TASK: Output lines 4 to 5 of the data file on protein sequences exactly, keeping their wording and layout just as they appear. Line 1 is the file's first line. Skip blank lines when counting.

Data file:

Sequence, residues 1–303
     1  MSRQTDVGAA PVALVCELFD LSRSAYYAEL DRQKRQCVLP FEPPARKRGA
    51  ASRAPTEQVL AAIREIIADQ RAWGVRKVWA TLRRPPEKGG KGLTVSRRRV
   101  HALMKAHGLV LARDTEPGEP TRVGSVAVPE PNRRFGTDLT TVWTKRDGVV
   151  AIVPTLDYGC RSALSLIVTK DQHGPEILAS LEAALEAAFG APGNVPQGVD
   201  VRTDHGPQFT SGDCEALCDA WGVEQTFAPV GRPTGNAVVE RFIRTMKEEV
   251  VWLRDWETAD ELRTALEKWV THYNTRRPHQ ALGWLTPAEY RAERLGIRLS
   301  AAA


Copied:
   101  HALMKAHGLV LARDTEPGEP TRVGSVAVPE PNRRFGTDLT TVWTKRDGVV
   151  AIVPTLDYGC RSALSLIVTK DQHGPEILAS LEAALEAAFG APGNVPQGVD